What is the ultimate goal of Islamic State and similar jihadi groups? Obviously, it is to come to power in various parts of the Muslim world. If they ever manage to become a government they may develop further ambitions (for then they would have a large army and lots of money), but taking power is the crucial first step.
Clearly the terrorists do not have mass support in their own countries, or they would already be in power. In order to build that mass support – it doesn’t have to be majority support, but they do need a lot of people behind them – they need a villain that will push people into their arms.
That villain can be either the government that currently rules the country, or a foreign power that invades the country, but in either case it must be provoked into behaving very badly. Only torture chambers and/or cluster bombs will make the mass of the population so desperate that they turn to the revolutionaries for help.
To get the torture and the bombing going, the target government must become so frightened and enraged that it starts using them on a large scale. That’s what the terrorism is actually for: to make governments over-react and behave very badly. Then the terrorists might actually build enough support to win.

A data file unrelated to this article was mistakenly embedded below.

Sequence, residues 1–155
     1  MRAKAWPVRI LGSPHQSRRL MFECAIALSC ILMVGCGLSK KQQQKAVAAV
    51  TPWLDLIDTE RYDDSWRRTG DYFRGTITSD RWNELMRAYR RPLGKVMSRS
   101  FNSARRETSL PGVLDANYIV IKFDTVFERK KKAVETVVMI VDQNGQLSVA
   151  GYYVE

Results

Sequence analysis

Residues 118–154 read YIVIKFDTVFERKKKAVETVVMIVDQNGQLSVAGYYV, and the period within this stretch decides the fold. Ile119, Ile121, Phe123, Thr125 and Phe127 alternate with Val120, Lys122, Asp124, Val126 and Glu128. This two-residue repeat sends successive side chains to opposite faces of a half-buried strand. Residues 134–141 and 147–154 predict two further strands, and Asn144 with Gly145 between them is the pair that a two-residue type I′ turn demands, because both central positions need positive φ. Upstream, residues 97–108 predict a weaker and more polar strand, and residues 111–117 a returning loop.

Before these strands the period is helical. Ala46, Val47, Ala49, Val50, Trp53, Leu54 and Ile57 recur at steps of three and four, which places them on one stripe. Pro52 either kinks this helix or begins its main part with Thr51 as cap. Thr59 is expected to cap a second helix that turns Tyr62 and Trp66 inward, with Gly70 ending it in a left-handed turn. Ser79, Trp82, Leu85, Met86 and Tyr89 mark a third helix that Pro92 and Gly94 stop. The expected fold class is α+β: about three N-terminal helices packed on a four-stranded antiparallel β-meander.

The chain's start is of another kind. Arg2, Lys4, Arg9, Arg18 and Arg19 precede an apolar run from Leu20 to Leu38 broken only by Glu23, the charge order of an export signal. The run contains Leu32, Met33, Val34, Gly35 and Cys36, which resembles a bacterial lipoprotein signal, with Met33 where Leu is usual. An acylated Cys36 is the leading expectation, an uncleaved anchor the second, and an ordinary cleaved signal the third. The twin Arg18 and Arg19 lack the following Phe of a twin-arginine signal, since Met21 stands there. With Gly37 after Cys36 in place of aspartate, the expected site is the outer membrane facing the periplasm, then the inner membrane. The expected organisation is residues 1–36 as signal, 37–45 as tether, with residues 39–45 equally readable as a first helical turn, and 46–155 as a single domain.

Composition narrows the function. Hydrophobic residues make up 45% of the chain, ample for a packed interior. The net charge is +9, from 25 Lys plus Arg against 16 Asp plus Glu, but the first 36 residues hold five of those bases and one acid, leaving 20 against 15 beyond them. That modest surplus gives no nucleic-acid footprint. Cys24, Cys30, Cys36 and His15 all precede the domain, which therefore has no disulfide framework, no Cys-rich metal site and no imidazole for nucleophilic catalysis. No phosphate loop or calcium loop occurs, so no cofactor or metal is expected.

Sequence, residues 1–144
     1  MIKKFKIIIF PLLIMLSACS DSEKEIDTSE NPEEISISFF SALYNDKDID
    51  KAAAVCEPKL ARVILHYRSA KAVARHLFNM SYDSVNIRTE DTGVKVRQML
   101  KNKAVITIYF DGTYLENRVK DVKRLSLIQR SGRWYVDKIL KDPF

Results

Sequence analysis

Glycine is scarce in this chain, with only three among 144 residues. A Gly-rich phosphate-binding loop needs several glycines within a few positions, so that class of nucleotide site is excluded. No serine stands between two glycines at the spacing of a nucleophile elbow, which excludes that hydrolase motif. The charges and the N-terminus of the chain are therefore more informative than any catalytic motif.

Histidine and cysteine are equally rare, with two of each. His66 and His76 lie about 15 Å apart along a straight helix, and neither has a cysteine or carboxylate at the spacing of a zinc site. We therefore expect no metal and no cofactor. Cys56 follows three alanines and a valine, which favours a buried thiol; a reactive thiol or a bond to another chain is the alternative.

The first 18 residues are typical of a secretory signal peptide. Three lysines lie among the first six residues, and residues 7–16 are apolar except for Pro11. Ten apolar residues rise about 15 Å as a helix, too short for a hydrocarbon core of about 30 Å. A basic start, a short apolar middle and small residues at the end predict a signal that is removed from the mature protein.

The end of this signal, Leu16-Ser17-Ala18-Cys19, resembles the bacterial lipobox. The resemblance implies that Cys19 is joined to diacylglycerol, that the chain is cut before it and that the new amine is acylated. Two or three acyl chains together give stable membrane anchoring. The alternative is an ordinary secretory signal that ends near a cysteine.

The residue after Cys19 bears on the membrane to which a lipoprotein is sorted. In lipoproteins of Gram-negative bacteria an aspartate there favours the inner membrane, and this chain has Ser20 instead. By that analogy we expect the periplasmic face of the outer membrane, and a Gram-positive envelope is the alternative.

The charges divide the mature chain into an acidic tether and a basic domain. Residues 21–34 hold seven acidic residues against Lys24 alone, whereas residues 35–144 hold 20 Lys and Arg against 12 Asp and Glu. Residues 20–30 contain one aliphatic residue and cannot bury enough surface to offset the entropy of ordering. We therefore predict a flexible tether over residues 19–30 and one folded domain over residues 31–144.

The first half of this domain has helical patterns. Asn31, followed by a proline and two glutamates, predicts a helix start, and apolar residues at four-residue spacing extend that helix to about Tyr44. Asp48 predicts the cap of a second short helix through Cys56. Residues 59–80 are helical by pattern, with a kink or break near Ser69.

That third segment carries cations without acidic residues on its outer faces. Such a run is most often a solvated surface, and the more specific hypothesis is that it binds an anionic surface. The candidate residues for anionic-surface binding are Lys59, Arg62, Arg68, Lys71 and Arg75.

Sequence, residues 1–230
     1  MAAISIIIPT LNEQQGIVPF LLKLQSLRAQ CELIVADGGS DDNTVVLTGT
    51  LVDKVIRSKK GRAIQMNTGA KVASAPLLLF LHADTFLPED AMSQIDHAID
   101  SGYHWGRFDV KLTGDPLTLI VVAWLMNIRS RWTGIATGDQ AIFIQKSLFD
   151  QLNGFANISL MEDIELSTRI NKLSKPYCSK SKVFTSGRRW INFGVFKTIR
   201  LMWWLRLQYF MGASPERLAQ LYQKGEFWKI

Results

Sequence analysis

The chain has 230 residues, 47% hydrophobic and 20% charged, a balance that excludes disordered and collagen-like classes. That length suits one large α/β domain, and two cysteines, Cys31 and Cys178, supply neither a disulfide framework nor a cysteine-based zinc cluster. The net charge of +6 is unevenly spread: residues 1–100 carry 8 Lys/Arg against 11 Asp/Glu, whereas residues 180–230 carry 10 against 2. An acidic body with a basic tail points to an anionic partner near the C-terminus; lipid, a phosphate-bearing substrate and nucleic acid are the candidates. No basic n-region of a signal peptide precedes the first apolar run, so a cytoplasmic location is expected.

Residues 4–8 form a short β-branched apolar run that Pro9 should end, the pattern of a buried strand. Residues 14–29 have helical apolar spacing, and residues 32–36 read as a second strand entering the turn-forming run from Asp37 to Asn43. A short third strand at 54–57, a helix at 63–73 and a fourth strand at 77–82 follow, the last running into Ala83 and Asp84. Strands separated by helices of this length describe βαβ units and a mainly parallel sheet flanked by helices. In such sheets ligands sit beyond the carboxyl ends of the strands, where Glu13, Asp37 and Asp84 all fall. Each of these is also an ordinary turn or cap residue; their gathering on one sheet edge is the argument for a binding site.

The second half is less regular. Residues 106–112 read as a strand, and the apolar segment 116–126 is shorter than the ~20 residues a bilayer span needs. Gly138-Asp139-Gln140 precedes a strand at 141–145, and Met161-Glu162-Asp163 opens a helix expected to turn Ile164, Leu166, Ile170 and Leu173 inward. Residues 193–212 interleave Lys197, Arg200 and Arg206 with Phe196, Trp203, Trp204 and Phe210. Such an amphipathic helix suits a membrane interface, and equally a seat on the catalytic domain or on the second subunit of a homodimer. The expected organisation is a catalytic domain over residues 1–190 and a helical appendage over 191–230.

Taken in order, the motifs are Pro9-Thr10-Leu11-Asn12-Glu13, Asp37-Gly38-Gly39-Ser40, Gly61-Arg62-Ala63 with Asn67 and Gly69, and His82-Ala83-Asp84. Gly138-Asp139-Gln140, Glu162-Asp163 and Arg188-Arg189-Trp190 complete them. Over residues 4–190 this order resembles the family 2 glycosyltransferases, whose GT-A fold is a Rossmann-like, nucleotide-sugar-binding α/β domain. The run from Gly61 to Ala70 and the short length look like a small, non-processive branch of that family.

Terrorism is not just blind hatred. It is a technique used by ruthless but intelligent leaders with coherent strategies and clear political goals, and the violence is never “senseless”. Bin Laden’s strategy in carrying out the 9/11 attacks, for example, was to provoke the United States into invading Muslim countries.
It worked, and the invasions gave a huge boost to the popularity of the jihadi movement. Indeed, Islamic State and its clones could never have gained power without those invasions.
All terrorism is a kind of political jiu-jitsu, in which a relatively weak group tries to goad a far stronger force into doing something very big and stupid. Terrorism doesn’t just thrive on over-reaction. It cannot succed without it.
So now ask yourself: which of the American presidential candidates is more likely to over-react to a terrorist provocation?
Okay, so now you know whose victory the terrorists are really praying for.
To shorten to 725 words, omit paragraphs 5 and 6. (“Well…lost”)
“Suppose that…the Iraqis feel ambivalent about being invaded and real Iraqis, not (just) Saddam’s special guard, decide to offer resistance,” wrote British prime minister Tony Blair to US president George W. Bush in December 2001, two years before the US and the UK invaded Iraq. At least Blair had some doubts, but neither man could really imagine that the Iraqis would see them as conquerors, not liberators.
Another 13 years have now passed, and at last we have the Chilcot Report, an impartial official investigation into why Britain joined the United States in that invasion. (There is no equivalent American document.) It’s a 12-volume study that illustrates just how ill-informed and reckless the planners of that illegal war were, but it doesn’t tell us much we didn’t already know.